There also seems to be limited awareness of how excessive QE and low interest rates helped create a fertile environment for inflation to take hold. Meryvn King, the former Governor of the Bank, has correctly highlighted this.
Early last year, I asked on this site which “p” would inflation be? Pass through quickly, persist or be permanent. I said it would “persist”, at the time the Bank wrongly thought it would be “transitory”. To become permanent, there would have to be a significant shift in the factors contributing to low inflation. Two factors that contributed to low inflation may now be changing: globalisation and the declining wage share.
We are not seeing a reversal of globalisation. But on-shoring and friends-shoring is more widely talked about, so keeping costs down is not the only driver behind supply chain decisions now.
But what about wages? ONS annual data shows that since 2016 the share of wages has risen from low levels.
The nature of our inflation shock means a domestic overheating economy is not to blame. Indeed domestic demand is sluggish. That not only allows scope for targeted fiscal measures, but it means that wage demands have not been the driver of inflation despite a tight labour market.
It is necessary to be mindful of second-round effects that could see higher inflation become embedded. These include a wage-price spiral, where higher wages force prices up and add to wage demands. Or a cost-push spiral where higher costs lead firms to raise prices, to maintain or boost profit margins.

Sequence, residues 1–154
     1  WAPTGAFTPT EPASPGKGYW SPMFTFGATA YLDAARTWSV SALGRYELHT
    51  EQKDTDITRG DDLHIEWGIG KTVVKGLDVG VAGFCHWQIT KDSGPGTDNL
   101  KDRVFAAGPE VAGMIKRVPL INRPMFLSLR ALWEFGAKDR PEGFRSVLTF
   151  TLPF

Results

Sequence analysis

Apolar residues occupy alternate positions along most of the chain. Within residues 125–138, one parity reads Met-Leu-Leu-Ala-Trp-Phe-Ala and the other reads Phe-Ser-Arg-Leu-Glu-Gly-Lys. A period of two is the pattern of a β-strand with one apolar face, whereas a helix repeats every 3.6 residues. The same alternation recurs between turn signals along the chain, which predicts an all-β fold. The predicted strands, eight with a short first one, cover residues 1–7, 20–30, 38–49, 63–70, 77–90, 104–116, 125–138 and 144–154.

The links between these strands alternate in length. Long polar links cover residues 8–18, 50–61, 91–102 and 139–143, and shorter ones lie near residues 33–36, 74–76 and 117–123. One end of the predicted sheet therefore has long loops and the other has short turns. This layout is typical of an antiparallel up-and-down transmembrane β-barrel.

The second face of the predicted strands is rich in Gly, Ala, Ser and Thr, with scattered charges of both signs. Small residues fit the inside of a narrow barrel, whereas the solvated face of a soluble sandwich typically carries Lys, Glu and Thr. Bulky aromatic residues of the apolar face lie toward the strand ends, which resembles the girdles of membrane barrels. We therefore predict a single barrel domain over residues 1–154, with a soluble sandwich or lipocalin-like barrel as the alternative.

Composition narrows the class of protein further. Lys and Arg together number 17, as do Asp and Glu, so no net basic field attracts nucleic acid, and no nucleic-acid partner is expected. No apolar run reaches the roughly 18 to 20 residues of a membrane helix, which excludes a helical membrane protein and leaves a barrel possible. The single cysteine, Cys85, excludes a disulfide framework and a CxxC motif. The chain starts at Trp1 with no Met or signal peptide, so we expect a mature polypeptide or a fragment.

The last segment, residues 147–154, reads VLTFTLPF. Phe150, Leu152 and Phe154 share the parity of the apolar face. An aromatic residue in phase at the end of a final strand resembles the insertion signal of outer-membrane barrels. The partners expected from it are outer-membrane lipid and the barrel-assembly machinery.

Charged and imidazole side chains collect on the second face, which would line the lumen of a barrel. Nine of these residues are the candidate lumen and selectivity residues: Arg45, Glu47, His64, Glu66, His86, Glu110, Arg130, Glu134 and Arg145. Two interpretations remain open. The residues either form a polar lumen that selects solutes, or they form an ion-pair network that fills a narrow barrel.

What then of wages? In the Autumn Statement, an increase in the minimum wage was announced, from £9.50 to £10.42 next April. This is statutory. In September, meanwhile, the Living Wage Foundation raised their real living wage to £10.90 and to £11.95 in London – with the firms embracing this doing so voluntarily.
While welcome, one has to be mindful of the cost pressures on many small firms who do not enjoy the luxury of being able to pay higher wages easily and who are being hit rising energy prices and by higher taxes. It is important not to lose sight of the role taxes play in the cost of living debate.
While it is important to prevent a wage-price spiral, in the rail dispute there is a case for the Government to help broker a deal – especially for low paid workers, but also alongside sensible reforms.
Reforms, too, should be central to the debate about public sector pay. As Robert Colville pointed out in an insightful column in the Sunday Times last year, pay in the health system is not based on ensuring people are paid competitively in the areas where there are shortages, but determined by a complex matrix structure that as he described “suits the unions”.
The system is inflexible, and so rewarding, incentivising or recruiting staff in areas of pressing need is hard.
In my view, the result is that front line staff like doctors and nurses in competitive areas are underpaid, relative to what they should receive, and a whole host of people working in areas where there are no shortages are well paid.
So when one drills down into the low wage issue it highlights broader policy areas that are all too often overlooked but are solvable.
Additionally, the UK has consistently under invested in skills and training, often opting to close shortfalls through immigration.
Higher inflation has led to higher wage demands, and these have drawn attention to a host of issues like the need for reform and more investment in skills and training. In a competitive economy though, neither private sector firms nor the public sector can keep paying higher wages unless justified by higher productivity. Lowering inflation is just the first step.